In most of the statements and articles on the elections, this question is pushed into the background more than any other, or is even obscured altogether. Yet it is the question of the ideological and political content of the election campaign, the most important question, one which has to be elucidated, or all other questions, and all the usual data on “opposition percentages” and so on, will completely lose their value.
The most widespread reply to this question is that the issue was whether there was to be a constitution or not. That is how the Rights see it. That is how the liberals see it. The view that there were in effect two warring camps, one of them fighting for and the other against a constitution, runs through the entire Right-wing and liberal press. Mr. Milyukov, the Cadet Party leader, and Rech, the official organ of that party, put forward this theory of two camps in no uncertain terms, doing so, moreover, on behalf of the conference of the Cadet Party.
But look at this “theory” from the standpoint of the outcome of the elections. How did it stand the test of reality?
The first step of the new Duma was marked by a bloc of the Cadets and the Octobrists (and even some of the Rights) around the “constitutional” candidature of Rodzyanko, whose speech, alleged to contain a constitutional programme, was enthusiastically acclaimed by the Cadets.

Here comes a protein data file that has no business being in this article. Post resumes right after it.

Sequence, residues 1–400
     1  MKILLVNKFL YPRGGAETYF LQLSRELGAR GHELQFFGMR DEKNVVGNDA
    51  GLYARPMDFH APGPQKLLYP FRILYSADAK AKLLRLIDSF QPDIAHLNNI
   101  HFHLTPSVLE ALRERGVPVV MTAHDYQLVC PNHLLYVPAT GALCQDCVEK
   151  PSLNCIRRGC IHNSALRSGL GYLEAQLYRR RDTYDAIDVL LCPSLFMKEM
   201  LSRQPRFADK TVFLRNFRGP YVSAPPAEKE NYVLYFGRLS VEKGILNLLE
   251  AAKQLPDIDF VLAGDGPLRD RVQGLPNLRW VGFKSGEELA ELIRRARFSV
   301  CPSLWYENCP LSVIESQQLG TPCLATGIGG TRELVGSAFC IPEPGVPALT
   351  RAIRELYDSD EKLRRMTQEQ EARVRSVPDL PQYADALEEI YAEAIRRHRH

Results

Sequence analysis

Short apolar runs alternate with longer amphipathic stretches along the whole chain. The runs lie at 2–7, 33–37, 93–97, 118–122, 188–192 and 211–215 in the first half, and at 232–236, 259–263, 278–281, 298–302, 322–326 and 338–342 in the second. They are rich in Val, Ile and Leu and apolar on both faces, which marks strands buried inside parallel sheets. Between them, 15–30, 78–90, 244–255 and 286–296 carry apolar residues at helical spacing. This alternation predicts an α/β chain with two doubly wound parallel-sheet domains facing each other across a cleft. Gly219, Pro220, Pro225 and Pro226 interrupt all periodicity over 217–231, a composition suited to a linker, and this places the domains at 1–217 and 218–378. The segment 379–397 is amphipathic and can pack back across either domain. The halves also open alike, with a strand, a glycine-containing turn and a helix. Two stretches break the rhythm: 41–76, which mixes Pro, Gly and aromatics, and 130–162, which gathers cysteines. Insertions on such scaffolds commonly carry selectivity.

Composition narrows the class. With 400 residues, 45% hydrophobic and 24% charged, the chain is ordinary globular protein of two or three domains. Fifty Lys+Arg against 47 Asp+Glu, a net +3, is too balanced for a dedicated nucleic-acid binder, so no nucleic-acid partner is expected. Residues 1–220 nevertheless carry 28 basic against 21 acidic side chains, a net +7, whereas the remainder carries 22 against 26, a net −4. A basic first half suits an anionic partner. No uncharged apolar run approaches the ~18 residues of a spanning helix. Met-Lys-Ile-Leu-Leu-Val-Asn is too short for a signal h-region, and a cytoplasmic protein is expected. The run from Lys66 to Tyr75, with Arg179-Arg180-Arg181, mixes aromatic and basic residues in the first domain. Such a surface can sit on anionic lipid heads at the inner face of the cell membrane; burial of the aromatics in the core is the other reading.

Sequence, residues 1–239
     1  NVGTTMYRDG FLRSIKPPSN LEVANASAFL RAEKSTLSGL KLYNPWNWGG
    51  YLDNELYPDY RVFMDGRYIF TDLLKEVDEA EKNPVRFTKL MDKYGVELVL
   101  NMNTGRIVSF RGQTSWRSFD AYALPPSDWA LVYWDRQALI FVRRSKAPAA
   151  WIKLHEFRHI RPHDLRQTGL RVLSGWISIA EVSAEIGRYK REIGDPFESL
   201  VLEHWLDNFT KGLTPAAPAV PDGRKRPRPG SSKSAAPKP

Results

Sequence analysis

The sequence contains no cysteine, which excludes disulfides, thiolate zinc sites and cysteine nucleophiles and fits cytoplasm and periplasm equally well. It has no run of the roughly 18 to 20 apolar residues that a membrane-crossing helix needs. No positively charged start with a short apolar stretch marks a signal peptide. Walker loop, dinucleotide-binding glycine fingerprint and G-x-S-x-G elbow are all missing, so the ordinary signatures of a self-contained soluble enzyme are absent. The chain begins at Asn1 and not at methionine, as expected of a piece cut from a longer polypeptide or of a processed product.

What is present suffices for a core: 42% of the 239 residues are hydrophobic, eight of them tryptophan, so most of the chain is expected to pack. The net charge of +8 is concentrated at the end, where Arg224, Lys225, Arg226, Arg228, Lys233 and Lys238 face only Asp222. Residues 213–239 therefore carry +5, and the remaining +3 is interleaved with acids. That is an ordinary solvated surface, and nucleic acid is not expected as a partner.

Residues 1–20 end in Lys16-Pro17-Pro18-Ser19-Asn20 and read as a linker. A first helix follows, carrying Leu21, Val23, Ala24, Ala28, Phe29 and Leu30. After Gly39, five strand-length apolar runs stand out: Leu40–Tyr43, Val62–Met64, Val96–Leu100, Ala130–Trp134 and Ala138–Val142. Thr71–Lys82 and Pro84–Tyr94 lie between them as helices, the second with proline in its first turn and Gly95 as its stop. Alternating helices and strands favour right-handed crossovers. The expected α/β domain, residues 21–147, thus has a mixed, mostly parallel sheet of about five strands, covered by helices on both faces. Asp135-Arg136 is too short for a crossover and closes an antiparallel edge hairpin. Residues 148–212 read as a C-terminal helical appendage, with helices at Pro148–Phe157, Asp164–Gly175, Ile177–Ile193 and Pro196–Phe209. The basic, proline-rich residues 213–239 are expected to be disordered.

The Octobrist leader Rodzyanko, who, as we know, is regarded as a Right Octobrist, considers himself a constitutionalist, as does Krupensky, the leader of the “Centre faction”, or conservative constitutionalists.
To say that the issue was over the constitution means saying nothing, for the question at once arises as to what kind of constitution is meant. Is it a constitution in the spirit of Krupensky or Rodzyanko or Yefremov-Lvov or Maklakov-Milyukov? And then comes an even more important question, one that does not concern wishes, statements or programmes—all of which remain on paper—but the real means of achieving the desired objective.
With regard to this cardinal point (the only serious one), Mr. Gredeskul’s statement—reprinted by Rech (No. 117) in 1912—that there is no need for a new revolution, and that what is needed is “merely constitutional work”, remains unrefuted and irrefutably correct. Ideologically and politically, that statement unites the Cadets and Octobrists much more closely and thoroughly than the assurances of devotion to a constitution, and even to democracy—assurances repeated a thousand times—are supposed to divide them.
Probably some 90 per cent of all the newspapers read in Russia are Octobrist or liberal. This press, by suggesting to the reader the idea of two camps, one of which favours a constitution, exerts an immensely corrupting influence on the political consciousness of the masses. One has only to think that all this campaign culminates in Rodzyanko’s “constitutional” declaration which Milyukov has accepted!
In view of this state of affairs, one cannot insist sufficiently on repeating old truths of political science, truths that are forgotten by many people. In Russia, the urgent question is: what is a constitution?
A constitution is a deal between the historical forces of the old society (nobiliary, serf-owning, feudal, absolutist) and the liberal bourgeoisie. The actual terms of this deal, and the extent of the concessions made by the old order, or of the victories won by the liberal bourgeoisie, will depend on the victories of the democrats, of the broad mass of the people (primarily the workers), over the forces of the old.